- Have a care manager who coordinates health care planning between pediatric and adult health care providers.
- Provide transition training to enhance the knowledge and skills of primary care adult physicians.
- Formulate a medical summary for transfer to adult primary and specialty physicians.
- Develop a health care transition plan beginning at age 14.
- Ensure primary and preventive care based on accepted medical guidelines are provided.
- Ensure continuous health insurance coverage once pediatric eligibility terminates.
Statements of transition practice issued by the AAP (AAP, Committee on Children with Disabilities, 2000, 2001; AAP, Committee on Children with Disabilities and Committee on Adolescence, 1996), the National Association of Pediatric Nurse Practitioners (NAPNAP; 2001), the Society of Adolescent Medicine (Rosen et al., 2003) and the DCSHCN share a number of similar recommendations. These recommendations advocate the following:
- The responsibility for transition service coordination and referral is assigned to one member of the youth's specialized health care team who has expertise in case management (e.g., social worker, nurse).
- Adolescents are active participants and are fully engaged in transition planning, which includes shared decision making, direct input during the planning process, and evolving primary responsibility for managing their condition on a long-term basis.
- Families of transition–age adolescents are provided supports and services to assist them in dealing with their feelings of "letting go" and learning to better support their children's developing self-reliance during the transition process.
- Services are based on the developmental needs of the adolescents, emphasizing strengths rather than deficits.
- Transition planning is a lifelong process with formalized transition services provided beginning at age 14. Transition planning begins at the time of diagnosis based on the belief that goals for adulthood are necessary and achievable based on the skills and capabilities of the adolescent.
- Service coordination includes determination of eligibility and referral to transition and adult services, including Supplemental Security Insurance (SSI) and Medicaid. Referrals to transition and adult services are not relegated to health care needs only but to the comprehensive array of services and programs that will assist the adolescent in achieving his or her goals for the future, such as living independently, being employed, and having a social network of friends and family. The service coordinator assists the youth to identify and obtain needed accommodations based on health/disability–related needs in education, work, and community settings.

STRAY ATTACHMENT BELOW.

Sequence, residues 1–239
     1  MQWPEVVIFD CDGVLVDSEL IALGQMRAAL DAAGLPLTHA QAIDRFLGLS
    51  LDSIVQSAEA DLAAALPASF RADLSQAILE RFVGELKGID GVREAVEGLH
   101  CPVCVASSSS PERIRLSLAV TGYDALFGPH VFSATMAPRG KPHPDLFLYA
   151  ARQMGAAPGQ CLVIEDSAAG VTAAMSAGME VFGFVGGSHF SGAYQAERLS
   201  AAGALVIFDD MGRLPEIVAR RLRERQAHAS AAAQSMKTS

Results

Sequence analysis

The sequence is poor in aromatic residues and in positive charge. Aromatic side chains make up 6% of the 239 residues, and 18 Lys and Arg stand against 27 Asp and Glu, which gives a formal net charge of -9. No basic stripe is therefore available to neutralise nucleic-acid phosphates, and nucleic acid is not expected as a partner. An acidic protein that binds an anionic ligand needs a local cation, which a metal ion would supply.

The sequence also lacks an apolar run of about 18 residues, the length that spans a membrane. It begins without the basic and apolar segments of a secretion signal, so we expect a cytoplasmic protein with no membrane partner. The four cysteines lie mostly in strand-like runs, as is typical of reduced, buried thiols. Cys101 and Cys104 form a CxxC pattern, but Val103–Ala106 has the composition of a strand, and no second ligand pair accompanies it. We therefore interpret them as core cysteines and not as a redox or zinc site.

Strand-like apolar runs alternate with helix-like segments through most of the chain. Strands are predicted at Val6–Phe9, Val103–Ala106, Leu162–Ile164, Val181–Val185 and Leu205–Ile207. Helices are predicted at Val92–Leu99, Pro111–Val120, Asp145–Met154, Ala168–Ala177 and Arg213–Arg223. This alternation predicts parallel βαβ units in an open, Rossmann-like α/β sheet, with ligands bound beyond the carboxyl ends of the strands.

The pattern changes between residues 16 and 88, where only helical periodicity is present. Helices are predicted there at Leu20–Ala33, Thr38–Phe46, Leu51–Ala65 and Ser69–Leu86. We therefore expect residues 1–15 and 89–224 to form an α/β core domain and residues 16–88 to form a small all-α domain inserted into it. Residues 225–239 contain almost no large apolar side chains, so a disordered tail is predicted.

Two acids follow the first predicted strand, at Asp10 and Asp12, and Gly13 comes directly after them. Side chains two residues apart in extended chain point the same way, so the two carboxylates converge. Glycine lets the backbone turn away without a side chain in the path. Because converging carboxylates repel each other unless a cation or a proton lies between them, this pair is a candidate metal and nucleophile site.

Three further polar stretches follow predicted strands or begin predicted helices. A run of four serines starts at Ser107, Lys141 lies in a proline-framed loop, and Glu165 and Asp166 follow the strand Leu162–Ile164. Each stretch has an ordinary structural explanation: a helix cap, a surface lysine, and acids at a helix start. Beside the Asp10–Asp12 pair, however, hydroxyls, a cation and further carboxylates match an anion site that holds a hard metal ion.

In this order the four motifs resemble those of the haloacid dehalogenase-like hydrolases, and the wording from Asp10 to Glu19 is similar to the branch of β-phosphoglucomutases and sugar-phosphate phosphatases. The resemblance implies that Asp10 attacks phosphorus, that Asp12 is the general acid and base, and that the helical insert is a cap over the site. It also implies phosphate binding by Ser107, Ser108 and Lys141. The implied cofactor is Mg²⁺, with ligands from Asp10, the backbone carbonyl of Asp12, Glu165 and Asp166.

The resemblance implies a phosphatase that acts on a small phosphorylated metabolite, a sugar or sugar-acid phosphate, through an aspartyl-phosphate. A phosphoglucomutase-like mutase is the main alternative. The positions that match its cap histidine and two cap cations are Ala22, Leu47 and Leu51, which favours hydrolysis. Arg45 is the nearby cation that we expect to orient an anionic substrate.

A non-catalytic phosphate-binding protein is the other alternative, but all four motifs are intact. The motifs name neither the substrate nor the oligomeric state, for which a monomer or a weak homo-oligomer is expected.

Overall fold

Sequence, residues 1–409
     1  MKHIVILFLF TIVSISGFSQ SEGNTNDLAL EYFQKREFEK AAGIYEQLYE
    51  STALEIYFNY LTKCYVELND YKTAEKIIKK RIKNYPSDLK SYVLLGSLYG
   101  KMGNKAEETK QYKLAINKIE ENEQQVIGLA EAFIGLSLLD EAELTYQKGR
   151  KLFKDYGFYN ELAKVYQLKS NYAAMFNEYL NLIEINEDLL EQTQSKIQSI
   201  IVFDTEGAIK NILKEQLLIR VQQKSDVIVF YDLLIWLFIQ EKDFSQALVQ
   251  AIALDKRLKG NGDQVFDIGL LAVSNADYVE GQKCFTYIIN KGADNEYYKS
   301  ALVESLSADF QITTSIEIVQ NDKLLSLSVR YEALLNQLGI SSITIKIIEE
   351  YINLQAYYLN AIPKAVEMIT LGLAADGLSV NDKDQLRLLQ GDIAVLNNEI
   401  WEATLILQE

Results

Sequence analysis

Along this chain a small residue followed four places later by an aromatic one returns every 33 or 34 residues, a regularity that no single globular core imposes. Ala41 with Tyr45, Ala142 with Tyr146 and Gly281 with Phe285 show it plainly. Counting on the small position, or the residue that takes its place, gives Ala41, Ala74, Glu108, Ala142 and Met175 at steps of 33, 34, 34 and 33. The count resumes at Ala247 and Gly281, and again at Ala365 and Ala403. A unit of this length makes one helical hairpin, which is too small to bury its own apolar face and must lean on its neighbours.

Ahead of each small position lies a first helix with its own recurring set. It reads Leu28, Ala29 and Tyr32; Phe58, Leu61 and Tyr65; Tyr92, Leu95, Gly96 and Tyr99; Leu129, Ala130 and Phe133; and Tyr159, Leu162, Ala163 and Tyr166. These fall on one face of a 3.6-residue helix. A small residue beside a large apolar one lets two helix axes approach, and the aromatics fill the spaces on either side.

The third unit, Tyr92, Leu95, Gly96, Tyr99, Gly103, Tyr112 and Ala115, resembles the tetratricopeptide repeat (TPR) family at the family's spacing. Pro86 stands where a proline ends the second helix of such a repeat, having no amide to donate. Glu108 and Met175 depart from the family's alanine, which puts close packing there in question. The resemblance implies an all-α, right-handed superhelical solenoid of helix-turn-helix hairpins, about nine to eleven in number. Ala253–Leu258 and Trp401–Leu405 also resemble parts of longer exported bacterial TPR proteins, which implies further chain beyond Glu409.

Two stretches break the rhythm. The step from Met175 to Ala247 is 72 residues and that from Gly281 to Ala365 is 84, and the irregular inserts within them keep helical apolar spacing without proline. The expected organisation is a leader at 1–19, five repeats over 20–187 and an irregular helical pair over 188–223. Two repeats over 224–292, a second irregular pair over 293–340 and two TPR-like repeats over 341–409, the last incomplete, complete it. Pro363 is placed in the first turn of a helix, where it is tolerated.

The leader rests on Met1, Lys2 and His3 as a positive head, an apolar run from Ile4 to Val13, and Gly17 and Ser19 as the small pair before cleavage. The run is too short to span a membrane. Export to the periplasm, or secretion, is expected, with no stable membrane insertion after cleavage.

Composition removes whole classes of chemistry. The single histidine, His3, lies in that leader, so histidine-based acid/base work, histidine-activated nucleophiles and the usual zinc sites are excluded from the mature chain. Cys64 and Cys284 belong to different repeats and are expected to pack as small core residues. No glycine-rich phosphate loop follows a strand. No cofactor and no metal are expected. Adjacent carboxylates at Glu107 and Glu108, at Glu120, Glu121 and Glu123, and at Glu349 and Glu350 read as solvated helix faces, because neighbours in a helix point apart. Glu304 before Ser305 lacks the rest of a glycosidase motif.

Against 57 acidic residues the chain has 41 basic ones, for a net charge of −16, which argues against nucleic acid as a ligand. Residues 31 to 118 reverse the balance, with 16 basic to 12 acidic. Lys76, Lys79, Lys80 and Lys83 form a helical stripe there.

- Transition planning ensures a smooth and coordinated transfer from pediatric to adult health care providers and services. This coordination process will involve the active engagement of both pediatric and adult health care providers to achieve success with the transfer to adult care providers and services.
Clinical experts and researchers have contributed to the expanding body of knowledge and have offered a number of suggestions for developing and implementing transition service models. It is widely accepted that health care transition planning needs to be implemented according to a preplanned and structured process incorporating benchmarks of achievement. A best practices approach for transition planning incorporates timelines, identification of goal achievements, and processes for skills and knowledge achievement that can guide the practice of pediatric health professionals. As part of the structure and function of the medical care program, there be must good working relationships and communication between pediatric and adult providers (e.g., primary care providers, specialists, adjunct providers). Such relationships must be tempered with realism for a given setting since such relationships are more easily described than created or maintained (Betz & Redcay, 2002; Clare, 1998). Education of the adolescent, his or her family, other providers from multiple disciplines, and community members needs to emphasize outcomes that demonstrate knowledge and skills obtained. The goals of the program for support in the form of case management need to clearly describe relevant activities (Wojciechowski, Hurtig, & Dorn, 2002). Listening; demonstrating respect for opinions, concerns, and cultural values of the young person, family, and community; providing advice specific to problem solving; and including family and significant others in decision making are all important in providing support to the adolescent in transition.